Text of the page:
Talking to Your College Student About Grades
Obviously, grades are a big part of the college experience. Students attend college for many reasons, but classroom experiences, and the grades that go along with those experiences, are an important measure of college outcomes. Some students seem to care more than others about their grades, but all college students know that they matter. Families, too, differ in how they view college grades. Some parents are anxious to hear about every test or paper; others may not be interested in grades as long as they are passable.
Starting a conversation with your son or daughter about grades may be completely natural for some parents and more awkward for others. But talking to your student about his grades is important. Don’t take them for granted or assume that all is well if you don’t hear anything. Remember that in college, grades go to the student rather than parents. Your student has ultimate responsibility for his grades, but it is reasonable for you to ask to talk about them. This is especially important if your college student is a new college student in his first or second semester. Help him consider what his grades may mean and what he can learn from them.
Here are a few suggestions to help you with that all important discussion about semester grades.
- If possible, establish even before the semester begins that you expect to see and discuss regarding grades at the end of the term. This way, when you ask to see them later, it is a natural outcome of your earlier agreement.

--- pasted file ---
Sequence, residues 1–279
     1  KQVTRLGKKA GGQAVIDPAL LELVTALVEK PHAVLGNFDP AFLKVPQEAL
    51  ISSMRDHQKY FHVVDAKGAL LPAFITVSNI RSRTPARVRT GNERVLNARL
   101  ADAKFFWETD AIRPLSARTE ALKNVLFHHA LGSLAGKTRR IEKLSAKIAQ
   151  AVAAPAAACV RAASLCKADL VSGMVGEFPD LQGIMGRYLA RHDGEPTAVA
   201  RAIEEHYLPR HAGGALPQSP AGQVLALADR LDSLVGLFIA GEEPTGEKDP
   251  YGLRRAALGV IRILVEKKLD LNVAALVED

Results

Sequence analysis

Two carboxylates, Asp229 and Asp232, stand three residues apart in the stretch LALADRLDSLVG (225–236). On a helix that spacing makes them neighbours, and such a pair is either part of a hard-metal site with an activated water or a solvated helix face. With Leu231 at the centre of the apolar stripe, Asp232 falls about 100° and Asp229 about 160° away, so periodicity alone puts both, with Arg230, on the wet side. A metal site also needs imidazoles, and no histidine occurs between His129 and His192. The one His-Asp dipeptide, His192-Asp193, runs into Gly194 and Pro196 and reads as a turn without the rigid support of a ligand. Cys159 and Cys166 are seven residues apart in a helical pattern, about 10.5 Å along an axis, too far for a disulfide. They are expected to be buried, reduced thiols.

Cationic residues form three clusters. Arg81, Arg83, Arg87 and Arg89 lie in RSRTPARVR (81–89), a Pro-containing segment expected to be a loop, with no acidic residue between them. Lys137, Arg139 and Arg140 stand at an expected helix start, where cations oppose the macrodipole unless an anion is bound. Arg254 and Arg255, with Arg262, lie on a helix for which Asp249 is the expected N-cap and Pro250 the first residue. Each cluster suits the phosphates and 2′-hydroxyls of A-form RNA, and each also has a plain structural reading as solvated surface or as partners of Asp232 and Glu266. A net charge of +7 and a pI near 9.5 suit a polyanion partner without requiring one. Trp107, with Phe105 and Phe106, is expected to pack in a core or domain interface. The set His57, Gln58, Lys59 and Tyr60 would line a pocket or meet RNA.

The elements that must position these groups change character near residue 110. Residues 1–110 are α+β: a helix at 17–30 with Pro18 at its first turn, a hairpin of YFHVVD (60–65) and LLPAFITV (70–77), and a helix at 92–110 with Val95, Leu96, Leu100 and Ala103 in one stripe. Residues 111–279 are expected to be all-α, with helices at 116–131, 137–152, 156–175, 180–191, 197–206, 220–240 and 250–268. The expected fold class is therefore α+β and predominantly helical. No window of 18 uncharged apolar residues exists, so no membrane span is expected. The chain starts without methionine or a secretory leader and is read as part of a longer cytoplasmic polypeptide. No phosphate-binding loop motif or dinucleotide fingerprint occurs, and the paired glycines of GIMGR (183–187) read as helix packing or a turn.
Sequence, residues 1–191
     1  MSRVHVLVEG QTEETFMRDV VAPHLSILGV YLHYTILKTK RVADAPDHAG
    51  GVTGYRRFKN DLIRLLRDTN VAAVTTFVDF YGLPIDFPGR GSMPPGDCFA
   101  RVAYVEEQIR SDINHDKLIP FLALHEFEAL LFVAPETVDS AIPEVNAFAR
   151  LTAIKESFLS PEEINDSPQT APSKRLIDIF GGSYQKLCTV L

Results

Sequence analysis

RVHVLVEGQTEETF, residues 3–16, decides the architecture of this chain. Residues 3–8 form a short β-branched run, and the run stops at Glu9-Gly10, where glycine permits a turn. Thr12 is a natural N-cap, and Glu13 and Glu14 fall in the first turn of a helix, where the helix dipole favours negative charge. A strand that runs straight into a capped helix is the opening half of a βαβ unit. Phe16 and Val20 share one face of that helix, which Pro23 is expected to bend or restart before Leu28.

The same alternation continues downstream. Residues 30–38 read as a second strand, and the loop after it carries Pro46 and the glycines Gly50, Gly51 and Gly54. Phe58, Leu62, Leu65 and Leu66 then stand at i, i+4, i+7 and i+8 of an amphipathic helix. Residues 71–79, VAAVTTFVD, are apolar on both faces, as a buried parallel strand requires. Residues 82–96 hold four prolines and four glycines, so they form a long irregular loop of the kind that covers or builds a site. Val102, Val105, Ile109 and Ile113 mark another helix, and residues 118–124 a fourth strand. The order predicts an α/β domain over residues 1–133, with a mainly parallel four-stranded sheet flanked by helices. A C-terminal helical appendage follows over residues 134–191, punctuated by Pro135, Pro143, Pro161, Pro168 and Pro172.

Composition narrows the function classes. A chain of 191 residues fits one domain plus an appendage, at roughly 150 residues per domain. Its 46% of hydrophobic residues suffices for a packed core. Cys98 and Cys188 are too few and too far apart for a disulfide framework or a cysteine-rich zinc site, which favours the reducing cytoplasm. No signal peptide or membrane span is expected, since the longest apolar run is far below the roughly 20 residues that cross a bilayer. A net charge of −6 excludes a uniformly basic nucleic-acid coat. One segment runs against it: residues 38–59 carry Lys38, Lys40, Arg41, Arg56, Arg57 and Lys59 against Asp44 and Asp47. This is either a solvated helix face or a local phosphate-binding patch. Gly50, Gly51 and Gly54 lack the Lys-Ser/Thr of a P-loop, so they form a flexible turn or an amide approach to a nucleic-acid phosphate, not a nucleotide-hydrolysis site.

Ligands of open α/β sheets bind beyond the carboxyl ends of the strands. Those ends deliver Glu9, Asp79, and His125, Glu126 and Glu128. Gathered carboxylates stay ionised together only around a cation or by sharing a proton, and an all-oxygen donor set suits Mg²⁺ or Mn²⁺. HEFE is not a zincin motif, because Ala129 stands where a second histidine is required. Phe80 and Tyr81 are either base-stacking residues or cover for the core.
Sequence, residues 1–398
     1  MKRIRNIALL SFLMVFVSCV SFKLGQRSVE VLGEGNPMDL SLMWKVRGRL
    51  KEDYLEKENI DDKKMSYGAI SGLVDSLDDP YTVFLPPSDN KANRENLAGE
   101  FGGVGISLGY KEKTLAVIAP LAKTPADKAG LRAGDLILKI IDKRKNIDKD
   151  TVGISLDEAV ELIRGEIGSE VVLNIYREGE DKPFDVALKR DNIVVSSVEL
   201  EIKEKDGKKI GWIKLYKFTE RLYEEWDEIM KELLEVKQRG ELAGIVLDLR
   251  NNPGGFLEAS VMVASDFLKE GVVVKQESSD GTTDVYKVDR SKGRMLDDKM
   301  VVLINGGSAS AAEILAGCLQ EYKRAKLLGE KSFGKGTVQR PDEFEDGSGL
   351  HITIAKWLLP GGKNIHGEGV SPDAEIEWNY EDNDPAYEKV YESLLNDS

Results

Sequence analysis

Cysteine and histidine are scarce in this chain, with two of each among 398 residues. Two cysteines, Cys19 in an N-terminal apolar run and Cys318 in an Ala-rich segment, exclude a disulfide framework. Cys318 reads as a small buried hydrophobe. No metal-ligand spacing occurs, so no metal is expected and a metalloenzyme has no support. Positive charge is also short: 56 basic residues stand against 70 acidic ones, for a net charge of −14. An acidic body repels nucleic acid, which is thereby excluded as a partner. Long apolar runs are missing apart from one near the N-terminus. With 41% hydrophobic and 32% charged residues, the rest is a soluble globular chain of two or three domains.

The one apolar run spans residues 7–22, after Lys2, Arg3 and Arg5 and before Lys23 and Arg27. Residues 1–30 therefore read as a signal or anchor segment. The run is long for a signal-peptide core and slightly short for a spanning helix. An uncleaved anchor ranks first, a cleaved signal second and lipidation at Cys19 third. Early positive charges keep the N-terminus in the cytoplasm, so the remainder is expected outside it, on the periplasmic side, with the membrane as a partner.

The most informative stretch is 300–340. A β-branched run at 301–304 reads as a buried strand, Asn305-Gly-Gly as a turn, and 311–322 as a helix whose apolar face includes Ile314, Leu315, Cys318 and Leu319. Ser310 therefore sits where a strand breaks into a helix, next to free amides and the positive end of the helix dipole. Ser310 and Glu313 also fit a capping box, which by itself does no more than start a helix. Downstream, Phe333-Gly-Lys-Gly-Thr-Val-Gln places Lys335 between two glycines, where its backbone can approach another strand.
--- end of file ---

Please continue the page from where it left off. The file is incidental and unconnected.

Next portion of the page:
- Set a careful tone when you ask to talk about grades. You are not going to make judgments, but rather help your student use grades as a measure of progress, to keep track of accomplishments or difficulties, and to understand and interpret what grades might mean.
- Take time for a real discussion. A “How are your grades?” in passing will probably get a “Fine” in response. Set aside a time when you both have at least a few minutes for a real conversation.
- Remember that first semester grades for new students are often lower than expected. They will probably be lower than high school, and the first semester is a time of tremendous transition for most students. This doesn’t mean that you should dismiss them, but don’t panic if they do not look like high school grades.
- Don’t take good (or great) grades for granted. Congratulate your student on high grades and remind her that you recognize that good grades are usually the result of hard work and successful transitions.
- Look at the entire picture provided by grades. Are they generally good with one bad grade? That may indicate a particularly difficult subject (not all students do well in all subjects), a particularly difficult professor, or some other special circumstance. This is very different than grades that are all low.
- Do help your student try to honestly evaluate one, or several, poor grades. What happened? What might he do differently next time?
- Help your student understand that the purpose of good grades is not to please you, but to accomplish the learning necessary to do well in college. Although there is often a vast difference between grades and actual learning, overall, grades are seen as an indicator of classroom success. Your student needs to accomplish his goals educationally, not worry about pleasing you.